The Gopher used to be a pretty nice Italian restaurant, which has declined a lot since the 1960s. They still are mostly Italian. 

The owners of the Brickyard in Wrenshall retired, and as far as I know, they haven’t reopened. The Brickyard was a source of pride when it opened, I remember. Hughy Line, who was a Wrenshall mayor at one time, was one of the original owners. I used to play golf with Hughy once in a while, and I even tried sharing a cart with him, which didn’t always work out because he kept forgetting I was riding with him and take off without me.

I have taken my last trip to the Lazy Bear in Barnum. The Lazy Moose, too. They don’t seem to be able to choose the name they want. The reason I’m not going back has nothing to do with the quality of the food or the service – it has everything to do with the quantity of food.

There is nothing on the menu for the senior appetite. They do offer a smaller-sized spaghetti and meatballs, but that isn’t too small either. Their burgers are also half-pounders. I don’t like having to order food when I know I will have to leave half of it or get a takeout carton, which usually ends up going to the dogs.

Before the pandemic, I used to like the buffets at Sammy’s. As far as I know, they don’t have the buffet any more. We went to the Sammy’s in West Duluth, which did have a buffet, although it was not nearly as conveniently set up or as good as the one in Cloquet.

Two Cloquet restaurants that have changed a great deal are the Family Tradition and Carmen’s. Family Tradition started as an A&W root beer stand, complete with carhops. Long before it was Carmen’s, it was the Limber Inn, and was a beer joint and grocery store. Chartiers also had a little corner grocery on Spring Lake Road and West Carlton.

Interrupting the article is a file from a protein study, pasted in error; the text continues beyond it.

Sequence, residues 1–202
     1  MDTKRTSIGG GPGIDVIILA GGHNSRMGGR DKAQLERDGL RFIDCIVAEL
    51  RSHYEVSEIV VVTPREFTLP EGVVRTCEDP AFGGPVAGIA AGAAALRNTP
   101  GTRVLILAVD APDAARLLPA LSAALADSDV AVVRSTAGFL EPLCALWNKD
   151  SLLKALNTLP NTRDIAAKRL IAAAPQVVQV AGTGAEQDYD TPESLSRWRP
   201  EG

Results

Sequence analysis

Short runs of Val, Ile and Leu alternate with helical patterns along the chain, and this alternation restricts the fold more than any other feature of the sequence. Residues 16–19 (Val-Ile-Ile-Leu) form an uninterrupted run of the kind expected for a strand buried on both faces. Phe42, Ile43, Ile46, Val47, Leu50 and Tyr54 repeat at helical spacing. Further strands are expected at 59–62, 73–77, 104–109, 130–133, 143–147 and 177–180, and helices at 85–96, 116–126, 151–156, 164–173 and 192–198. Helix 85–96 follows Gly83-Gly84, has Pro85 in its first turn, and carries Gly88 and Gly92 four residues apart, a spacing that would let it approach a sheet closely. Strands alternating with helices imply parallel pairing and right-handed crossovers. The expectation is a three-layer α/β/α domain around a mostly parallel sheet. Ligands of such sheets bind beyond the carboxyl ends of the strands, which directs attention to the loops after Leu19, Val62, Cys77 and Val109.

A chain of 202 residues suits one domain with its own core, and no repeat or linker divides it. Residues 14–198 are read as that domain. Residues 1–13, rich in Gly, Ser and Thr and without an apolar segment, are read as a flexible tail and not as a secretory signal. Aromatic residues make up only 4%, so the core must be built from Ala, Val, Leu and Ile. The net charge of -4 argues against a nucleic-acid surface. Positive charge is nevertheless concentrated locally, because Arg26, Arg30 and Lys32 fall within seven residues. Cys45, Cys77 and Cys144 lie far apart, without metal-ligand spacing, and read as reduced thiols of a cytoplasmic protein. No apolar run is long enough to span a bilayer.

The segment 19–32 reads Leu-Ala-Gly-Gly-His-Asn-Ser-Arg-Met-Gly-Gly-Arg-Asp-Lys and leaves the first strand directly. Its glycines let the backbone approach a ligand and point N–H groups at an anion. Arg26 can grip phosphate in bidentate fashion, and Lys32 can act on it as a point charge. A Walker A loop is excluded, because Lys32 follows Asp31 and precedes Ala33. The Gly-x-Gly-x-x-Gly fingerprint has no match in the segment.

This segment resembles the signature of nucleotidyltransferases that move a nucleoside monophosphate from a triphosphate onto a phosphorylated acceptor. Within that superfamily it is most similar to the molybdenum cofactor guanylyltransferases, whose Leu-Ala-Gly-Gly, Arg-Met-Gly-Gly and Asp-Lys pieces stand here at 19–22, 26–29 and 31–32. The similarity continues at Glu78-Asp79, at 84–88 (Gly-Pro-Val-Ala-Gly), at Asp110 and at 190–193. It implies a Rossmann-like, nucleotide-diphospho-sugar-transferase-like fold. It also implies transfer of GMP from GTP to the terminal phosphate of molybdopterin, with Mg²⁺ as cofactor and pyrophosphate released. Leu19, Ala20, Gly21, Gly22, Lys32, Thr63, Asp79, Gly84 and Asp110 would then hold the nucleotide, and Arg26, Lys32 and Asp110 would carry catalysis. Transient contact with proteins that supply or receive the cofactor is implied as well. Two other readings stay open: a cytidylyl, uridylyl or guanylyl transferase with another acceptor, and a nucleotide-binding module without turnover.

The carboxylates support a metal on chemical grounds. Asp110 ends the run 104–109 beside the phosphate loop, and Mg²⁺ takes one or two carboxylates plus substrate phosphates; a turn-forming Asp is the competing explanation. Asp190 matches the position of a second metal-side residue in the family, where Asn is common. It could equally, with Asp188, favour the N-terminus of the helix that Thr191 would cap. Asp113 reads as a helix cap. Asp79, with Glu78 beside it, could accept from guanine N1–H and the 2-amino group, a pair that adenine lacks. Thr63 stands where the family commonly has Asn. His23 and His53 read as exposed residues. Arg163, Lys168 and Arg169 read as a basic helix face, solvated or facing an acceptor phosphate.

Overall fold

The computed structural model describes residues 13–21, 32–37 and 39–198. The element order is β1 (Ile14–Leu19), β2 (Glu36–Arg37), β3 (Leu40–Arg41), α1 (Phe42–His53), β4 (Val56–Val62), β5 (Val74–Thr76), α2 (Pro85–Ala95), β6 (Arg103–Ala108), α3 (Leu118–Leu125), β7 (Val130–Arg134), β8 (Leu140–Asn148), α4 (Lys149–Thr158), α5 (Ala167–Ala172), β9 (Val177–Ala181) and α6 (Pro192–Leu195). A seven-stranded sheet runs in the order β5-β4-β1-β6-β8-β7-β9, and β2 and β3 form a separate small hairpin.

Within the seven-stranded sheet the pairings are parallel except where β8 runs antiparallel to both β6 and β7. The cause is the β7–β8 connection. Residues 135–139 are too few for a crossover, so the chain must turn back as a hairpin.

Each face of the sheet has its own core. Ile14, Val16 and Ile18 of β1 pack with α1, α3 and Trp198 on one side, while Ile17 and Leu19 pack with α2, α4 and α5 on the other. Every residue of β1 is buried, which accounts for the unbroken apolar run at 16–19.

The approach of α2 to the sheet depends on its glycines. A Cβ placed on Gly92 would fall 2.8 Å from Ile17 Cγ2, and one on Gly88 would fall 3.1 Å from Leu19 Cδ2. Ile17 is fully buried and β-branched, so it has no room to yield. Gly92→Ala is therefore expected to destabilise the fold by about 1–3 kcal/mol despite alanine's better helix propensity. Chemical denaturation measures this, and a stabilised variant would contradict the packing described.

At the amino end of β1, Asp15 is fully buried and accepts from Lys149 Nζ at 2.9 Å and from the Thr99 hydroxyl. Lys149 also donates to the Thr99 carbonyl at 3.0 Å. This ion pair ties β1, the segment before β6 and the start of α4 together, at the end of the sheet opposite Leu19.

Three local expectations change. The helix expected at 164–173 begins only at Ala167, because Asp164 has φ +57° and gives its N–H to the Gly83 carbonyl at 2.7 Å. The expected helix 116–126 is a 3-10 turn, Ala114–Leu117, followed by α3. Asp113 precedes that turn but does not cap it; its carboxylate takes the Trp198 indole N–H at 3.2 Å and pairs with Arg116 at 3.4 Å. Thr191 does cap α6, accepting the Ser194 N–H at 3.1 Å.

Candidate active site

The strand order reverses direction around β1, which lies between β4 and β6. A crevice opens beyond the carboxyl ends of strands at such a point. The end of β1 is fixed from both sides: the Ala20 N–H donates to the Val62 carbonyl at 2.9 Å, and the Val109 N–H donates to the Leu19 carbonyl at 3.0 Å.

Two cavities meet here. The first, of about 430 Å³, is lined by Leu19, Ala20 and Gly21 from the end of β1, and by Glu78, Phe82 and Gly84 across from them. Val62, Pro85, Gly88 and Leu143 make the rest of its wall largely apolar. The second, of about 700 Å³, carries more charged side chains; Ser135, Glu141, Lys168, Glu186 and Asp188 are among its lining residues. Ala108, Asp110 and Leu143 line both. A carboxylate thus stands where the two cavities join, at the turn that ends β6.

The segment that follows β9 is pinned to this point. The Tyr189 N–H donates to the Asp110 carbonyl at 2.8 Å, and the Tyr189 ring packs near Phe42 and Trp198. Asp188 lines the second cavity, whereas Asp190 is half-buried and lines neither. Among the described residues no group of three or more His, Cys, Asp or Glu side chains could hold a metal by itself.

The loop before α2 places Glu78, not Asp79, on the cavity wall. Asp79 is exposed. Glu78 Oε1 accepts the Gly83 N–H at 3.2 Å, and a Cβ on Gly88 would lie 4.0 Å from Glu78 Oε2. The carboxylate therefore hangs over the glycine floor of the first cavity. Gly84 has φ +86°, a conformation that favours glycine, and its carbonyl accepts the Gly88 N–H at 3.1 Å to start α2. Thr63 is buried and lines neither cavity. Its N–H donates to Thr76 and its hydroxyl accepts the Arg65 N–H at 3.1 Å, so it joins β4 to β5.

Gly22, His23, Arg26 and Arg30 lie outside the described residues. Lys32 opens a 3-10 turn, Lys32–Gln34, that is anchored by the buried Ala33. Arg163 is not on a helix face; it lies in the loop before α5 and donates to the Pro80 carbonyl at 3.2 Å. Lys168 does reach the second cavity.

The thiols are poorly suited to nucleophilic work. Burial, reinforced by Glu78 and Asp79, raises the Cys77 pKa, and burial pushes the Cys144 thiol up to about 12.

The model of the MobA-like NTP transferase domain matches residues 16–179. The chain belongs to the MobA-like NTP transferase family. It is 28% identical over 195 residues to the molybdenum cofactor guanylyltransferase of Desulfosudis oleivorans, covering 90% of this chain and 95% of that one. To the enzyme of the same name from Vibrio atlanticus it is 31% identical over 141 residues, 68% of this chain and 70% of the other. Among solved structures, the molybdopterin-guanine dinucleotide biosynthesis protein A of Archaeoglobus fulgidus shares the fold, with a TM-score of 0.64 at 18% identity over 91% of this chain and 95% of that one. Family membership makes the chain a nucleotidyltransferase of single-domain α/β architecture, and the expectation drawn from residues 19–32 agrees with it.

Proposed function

I have talked about Carmen’s prime rib sandwich before; they also have a lot of good menu items and specials.

Family Tradition has a great Breakfast Special, which is too much for my appetite now. I used to order my eggs scrambled, and I swore they must have used ostrich eggs by the size of the portion.

When I was traveling the country to analytical instrumentation schools, the Perkin Elmer plant in Connecticut had the best cafeteria. I would always get a big portion of roast beef hash with a fried egg on top for my breakfast.

In Philadelphia, at Sadtler Labs, for one class a severe-looking woman would lead us to an old restaurant in Center City for lunch. It was an elegant place smelling of old wood and leather. I would usually have their London Broil.

In a different class, we went to lunch on our own, but the instructor said he had found the best restaurant in Phillie’s Chinatown, so we all went there for dinner one night. We all ordered something different, and then took a taste of every dish.

I think it was there that I discovered I had no taste for Chinese food. After dinner, a couple guys went to see "Debbie Does Dallas" while the rest of us took the tour, guided by the instructor, who had obviously spent a lot of time there. That knowledge came in handy when I was on the paper committee for the American Society for Testing Materials (ASTM,) which met in Philadelphia once a month.